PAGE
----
Energy security – the uninterrupted access to affordable energy – is transforming fast. In the past, geopolitics and the supply of oil and gas were the dominant factors determining energy security. Today, a broader and more complex spectrum of elements are interacting to both stabilize and threaten energy security.

It is therefore timely to take a fresh look at the forces driving this transformation over the next decade – and some of their effects. Many of them are different to anything we have seen in the past.

More energy resources in more countries

The availability of energy sources, when we consider both fossil fuels and renewables, is increasing. Today, there are more sources of energy in more countries. Take the example of oil and gas, which is now available in abundance in the US, or the growing availability of renewables in countries that can draw on large supplies of water, wind and sun.

In particular, a major source of change is the strong growth in renewable and distributed energy, which offers avenues to diversify the energy mix and thus improve energy security by reducing physical reliance and price exposure to only a few sources and countries.

Renewable energy is also cheaper than in the past, and this has the potential to significantly improve energy access in off-grid areas and allow some countries to bypass traditional energy sources. However, when changes like this happen on a large scale, they have bigger repercussions on the whole energy system, which will need to be managed. It is not unrealistic that changes to access and quality of energy supply will affect political stability in countries affected by frequent power cuts.

Geo-economic implications of falling prices

Oil and gas prices have been tumbling.

Source: London School of Economics

This has strong implications on petroleum-producing countries and companies, with knock-on effects on geo-economic balance of powers and energy markets. But what makes this different from the past is the fact that the price shock is not only caused by geopolitical trouble or demand-supply balance. It is a fundamental struggle for long-term market share and the resilience of the industry. The lifting of sanctions on Iran, increased production in Russia and Saudi Arabia, and the US fracking revolution are all elements of this dynamic.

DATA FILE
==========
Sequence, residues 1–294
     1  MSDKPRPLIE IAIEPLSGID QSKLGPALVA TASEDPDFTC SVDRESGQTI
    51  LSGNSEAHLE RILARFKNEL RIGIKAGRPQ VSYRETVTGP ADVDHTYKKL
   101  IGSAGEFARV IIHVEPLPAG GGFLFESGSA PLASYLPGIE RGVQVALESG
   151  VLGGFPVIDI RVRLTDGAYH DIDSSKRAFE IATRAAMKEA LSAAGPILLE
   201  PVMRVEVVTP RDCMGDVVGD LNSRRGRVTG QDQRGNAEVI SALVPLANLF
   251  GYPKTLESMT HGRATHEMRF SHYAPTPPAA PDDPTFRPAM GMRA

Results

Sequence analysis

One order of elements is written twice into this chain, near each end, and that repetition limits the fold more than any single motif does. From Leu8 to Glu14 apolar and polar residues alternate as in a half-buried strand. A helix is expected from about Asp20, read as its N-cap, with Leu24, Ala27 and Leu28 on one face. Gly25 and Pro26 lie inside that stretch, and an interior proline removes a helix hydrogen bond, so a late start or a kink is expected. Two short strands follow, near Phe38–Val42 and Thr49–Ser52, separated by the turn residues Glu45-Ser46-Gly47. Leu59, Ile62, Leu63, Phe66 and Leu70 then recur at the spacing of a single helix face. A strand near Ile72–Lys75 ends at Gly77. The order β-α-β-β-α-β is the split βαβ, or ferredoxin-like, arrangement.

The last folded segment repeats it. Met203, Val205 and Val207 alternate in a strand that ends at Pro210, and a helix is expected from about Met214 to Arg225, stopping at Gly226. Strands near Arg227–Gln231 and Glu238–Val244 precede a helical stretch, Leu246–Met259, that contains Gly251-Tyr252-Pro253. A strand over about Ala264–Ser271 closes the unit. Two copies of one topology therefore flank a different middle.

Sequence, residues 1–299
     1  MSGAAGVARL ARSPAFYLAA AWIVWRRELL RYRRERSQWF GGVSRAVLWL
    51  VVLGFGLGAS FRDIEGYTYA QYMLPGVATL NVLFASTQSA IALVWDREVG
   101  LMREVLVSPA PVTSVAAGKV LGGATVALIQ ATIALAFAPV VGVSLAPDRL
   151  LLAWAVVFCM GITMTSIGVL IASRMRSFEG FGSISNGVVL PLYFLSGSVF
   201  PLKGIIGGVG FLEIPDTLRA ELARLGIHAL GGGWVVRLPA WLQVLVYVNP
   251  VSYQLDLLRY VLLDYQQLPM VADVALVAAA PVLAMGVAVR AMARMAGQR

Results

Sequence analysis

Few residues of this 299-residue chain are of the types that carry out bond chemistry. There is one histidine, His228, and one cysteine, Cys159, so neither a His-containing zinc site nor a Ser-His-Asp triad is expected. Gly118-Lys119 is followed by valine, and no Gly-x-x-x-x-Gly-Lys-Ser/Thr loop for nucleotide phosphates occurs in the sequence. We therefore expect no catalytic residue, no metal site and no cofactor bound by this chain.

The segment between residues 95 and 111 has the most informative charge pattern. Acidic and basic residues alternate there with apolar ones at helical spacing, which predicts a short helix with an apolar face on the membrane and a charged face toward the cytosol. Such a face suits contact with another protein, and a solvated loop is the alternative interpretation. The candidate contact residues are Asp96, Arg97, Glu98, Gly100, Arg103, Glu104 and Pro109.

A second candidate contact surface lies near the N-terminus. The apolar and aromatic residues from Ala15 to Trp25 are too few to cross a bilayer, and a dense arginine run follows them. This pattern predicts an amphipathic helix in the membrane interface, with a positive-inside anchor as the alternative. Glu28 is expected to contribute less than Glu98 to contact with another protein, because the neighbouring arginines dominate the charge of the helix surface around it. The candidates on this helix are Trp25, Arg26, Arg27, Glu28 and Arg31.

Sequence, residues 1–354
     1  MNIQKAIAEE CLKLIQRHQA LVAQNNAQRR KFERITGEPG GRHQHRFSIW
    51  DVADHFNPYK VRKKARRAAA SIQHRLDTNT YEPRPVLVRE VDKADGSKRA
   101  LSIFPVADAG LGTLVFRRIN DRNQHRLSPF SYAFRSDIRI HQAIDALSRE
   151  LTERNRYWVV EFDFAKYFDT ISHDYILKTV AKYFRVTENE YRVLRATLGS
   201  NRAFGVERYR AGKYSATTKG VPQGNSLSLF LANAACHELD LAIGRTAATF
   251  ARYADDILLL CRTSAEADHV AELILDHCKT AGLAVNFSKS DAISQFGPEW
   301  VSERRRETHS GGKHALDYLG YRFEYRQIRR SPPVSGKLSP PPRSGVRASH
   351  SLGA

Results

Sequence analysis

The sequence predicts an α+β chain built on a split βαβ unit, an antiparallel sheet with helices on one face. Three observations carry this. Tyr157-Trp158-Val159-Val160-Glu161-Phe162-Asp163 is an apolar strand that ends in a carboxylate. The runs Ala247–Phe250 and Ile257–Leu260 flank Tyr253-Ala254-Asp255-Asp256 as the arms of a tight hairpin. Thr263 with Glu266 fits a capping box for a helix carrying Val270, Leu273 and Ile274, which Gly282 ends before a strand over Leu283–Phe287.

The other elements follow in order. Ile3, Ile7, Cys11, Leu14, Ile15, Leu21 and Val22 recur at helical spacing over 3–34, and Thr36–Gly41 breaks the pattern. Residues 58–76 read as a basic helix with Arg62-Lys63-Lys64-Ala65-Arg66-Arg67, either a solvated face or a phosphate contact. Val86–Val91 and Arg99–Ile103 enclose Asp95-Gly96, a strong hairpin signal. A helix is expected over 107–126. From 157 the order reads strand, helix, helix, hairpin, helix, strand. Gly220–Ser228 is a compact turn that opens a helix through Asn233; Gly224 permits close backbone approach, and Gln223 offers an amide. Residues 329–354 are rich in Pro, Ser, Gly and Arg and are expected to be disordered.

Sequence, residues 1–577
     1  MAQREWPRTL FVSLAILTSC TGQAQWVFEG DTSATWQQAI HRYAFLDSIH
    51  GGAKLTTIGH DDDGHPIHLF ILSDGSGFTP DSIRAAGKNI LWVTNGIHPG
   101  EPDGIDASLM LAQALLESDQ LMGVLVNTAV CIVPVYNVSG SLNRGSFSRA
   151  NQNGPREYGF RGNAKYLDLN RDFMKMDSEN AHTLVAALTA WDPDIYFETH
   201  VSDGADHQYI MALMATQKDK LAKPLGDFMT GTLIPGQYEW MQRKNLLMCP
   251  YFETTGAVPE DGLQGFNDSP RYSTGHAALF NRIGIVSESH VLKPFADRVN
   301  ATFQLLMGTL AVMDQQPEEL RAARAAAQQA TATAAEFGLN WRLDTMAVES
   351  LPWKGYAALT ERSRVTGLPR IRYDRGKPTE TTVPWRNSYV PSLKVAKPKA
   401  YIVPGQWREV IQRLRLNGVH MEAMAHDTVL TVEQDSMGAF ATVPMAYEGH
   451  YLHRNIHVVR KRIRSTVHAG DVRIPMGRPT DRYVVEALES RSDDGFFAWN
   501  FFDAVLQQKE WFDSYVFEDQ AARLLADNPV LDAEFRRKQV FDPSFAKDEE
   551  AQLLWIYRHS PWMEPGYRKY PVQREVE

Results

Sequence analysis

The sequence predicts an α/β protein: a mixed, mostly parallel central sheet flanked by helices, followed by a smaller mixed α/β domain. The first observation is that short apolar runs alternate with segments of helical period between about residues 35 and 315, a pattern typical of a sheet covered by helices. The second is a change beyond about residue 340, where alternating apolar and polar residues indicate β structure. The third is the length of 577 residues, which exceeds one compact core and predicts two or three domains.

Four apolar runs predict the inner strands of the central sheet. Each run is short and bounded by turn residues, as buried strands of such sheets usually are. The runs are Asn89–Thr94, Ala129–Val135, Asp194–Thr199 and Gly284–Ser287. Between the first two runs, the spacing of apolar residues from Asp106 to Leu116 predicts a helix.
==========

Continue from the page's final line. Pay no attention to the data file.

While we hear a lot about declining demand in China, it is interesting to note that in 2015, oil demand increased. At the same time, investment in the industry has decreased: oil and gas companies are already estimated to have deferred $400 billion in investments, with more expected, as most people don’t see prices recovering to levels observed during the commodities super-cycle any time soon. As investments in the industry fall but demand increases, the risk over the medium term is actually that there will be a spike in oil prices.

The digital revolution

The convergence of physical and digital infrastructure, and the new insights we can draw from data that is now available, offers opportunities to improve efficiency, lower costs and increase security.

But it also raises a whole new set of challenges and creates vulnerabilities we have never seen before. As a result, many people are now calling for energy to be viewed as a key part of national security. This means that critical energy infrastructure that we use to extract, store and transport energy must be made more resilient to both physical and digital attacks. In 2016, we already need to start planning for the likelihood that conflicts of the future will most likely include cyber dimensions, with critical infrastructure becoming a “weapon” of choice.

Social fragmentation

For those resource-rich countries that rely heavily on energy exports, the reduction in revenue is creating significant challenges and some opportunities. While fossil fuel subsidies can be reduced or eliminated – which is good news – falling revenue from oil and gas sales is significantly reducing investments in the wider economy, which has an impact on both the social system and the sustainability of the economy itself. Already we have seen countries such as Azerbaijan and Nigeria look for help from international institutions like the World Bank. We may see this trend continue, and the risk of failed states is now a very real one.

Looking at the entire value chain

While in the past the supply side was the dominant factor in energy security, with the critical element being the possibility of sourcing the products to produce electricity and provide mobility, now the energy security equation is shifting. Supply is as important and as vulnerable as is the transmission and distribution of energy. The threats of terrorism – both physical and cyber – are present across the whole energy value chain. There is also the more positive issue of demand management – a concept that has significantly changed in the past 20 years, thanks to the digital connectivity that can help reduce peak demand and balance the grid when there are shifts in demand or supply.

When considering all these new elements affecting energy security, it is evident that risks can’t be tackled by any one country, institution or sector. Sharing data, addressing structural vulnerabilities and building in-depth collaboration between different public and private stakeholders will help create more secure energy systems.

Most importantly though, each and every person needs to understand the complexity of the energy system – what we call “energy literacy” – so that everyone can help develop and protect it, just as we do with other indispensable parts of our lives, such as computers and credit cards.

The most important thing for us to remember about energy security over the next 10 years is that it’s not about “them”: it’s about “us”.